The indie music scene has definitely taken off in new directions the past few years. Not only has the entire style become less and less “indie” with time but heavy hitters have dominated the changing of the sound with smooth transitions. Dirty Projectors are currently one of the field’s most musical bands and as one of the heavy hitters, they’re definitely aware of their surroundings. So rather than rushing out another release, they’ve solidified their ranking with a tremendously wonderful EP with Björk on Mount Wittenberg Orca.
On last year’s Bitter Orca, it was mostly the women’s voices that carried the album into soaring highs. After proving their styles on Rise Above’s wildly inventive arrangements, it took the focused R&B of “Stillness is the Move” and the string-laden beauty of “Two Doves” to make everyone realize that yes, these women could sing. There’s nothing different on Mount Wittenberg Orca; everyone is singing their part and in such beautiful fashion, too. In time, in perfect harmony and united together, adding Björk to the mold almost sounds downright perfect.
After hearing Amber Coffman, Angel Deradoorian and Haley Dekle lend their pipes on the opening song of The Roots’ How I Got Over, “Ocean” hits like a crashing current. Each voice manipulates the soundwaves, moving up and down in pitch with the slightest of alterations. It’s not only reminiscent of the droning sounds of Gregorian chant but each female is singing with full force and vigor – they crash against each other while complimenting each other all the same. “On and Ever Onward” acts as the lifting lullaby with Björk acting as the track’s leading songstress. Hearing the Dirty Projectors’ singers pop syncopated eighths behind her is enticingly glorious; eventually they all sing “Our love is all around us” to the warmth of an absolutely invigorating opening.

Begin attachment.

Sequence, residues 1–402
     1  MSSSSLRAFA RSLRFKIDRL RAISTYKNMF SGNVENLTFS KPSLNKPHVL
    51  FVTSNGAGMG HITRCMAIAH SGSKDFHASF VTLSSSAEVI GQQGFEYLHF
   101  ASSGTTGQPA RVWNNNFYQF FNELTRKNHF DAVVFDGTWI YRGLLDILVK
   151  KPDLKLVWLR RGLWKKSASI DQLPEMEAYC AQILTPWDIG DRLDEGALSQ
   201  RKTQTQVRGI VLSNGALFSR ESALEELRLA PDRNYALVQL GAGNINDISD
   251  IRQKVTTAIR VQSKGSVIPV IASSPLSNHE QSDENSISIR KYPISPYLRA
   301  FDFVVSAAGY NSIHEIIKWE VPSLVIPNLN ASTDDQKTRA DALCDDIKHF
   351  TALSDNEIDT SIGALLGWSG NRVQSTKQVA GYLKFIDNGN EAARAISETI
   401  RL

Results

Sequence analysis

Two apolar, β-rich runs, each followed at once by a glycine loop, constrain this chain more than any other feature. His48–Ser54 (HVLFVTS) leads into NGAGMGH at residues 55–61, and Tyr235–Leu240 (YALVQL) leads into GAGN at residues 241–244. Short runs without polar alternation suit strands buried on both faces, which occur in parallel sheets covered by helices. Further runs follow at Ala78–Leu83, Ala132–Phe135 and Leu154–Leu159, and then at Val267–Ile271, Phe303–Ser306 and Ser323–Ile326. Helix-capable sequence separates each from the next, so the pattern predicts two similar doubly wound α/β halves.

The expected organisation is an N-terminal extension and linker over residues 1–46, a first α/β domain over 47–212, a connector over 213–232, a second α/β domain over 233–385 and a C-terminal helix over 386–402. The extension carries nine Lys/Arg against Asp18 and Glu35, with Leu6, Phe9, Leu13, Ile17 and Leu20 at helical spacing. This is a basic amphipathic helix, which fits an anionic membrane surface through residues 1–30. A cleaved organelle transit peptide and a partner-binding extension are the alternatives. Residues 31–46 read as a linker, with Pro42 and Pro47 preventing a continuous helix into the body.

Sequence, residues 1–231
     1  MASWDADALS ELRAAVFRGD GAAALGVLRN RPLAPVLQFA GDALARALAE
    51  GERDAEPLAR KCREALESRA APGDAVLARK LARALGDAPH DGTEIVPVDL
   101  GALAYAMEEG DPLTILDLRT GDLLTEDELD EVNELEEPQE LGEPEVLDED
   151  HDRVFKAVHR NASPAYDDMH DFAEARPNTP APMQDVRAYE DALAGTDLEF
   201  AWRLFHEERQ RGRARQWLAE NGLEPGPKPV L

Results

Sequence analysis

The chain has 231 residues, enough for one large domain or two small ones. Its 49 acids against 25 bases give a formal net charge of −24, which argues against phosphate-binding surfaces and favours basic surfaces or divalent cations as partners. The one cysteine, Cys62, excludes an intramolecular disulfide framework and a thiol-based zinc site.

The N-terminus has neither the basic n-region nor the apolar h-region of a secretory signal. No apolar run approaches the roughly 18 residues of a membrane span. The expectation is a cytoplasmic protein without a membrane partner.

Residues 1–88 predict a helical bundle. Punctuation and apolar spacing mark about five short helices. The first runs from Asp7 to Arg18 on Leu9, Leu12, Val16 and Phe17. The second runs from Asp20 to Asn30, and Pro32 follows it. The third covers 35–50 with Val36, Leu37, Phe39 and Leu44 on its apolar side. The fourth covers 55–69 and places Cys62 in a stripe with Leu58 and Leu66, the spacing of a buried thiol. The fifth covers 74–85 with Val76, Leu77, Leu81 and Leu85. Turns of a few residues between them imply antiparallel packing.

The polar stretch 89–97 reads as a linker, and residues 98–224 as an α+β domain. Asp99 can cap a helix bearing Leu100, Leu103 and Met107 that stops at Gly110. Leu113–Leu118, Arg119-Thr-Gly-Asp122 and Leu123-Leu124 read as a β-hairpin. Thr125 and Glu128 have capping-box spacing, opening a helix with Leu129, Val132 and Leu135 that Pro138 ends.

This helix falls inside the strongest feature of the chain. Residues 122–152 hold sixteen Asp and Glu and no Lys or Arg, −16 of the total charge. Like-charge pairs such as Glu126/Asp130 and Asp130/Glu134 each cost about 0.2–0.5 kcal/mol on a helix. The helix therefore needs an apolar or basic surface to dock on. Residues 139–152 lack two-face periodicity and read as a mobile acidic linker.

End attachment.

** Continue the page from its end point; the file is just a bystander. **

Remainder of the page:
But what really makes Mount Wittenberg Orca such a satisfying release is just how endlessly creative everyone is. On “Beautiful Mother” the band takes a simple guitar melody and adds choral structures, a stomping bass and a twirl of other variances onto a song that recalls some of the loose structures of Rise Above. Dirty Projectors still sound best when they’re experimenting and when working with someone who is arguably, much better than you, it very simply ends up benefiting all.
With everything going towards the National Geographic Society Oceans Initiatives, there is much acclaim to be given for musicians who bring forth their best each and every time. There is cohesiveness here, there is a strong theme throughout, there is terrific musicianship and a gorgeous melting of voices all in between. Closing it all out with the somber togetherness of “All We Are,” they each go hand in hand as if they were meant to be – kind of like an ocean and its beach – hopefully it isn’t the last time they meet.